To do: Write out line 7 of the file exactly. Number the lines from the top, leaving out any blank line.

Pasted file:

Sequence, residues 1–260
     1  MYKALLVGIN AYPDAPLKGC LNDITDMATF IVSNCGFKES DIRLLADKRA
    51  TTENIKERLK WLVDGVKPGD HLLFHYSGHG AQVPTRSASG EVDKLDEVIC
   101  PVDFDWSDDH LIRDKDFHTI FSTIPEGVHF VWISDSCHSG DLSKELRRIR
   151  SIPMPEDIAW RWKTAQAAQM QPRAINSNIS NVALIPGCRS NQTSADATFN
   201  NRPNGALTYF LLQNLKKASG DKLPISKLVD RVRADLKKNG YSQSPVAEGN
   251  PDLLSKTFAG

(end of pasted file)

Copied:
   251  PDLLSKTFAG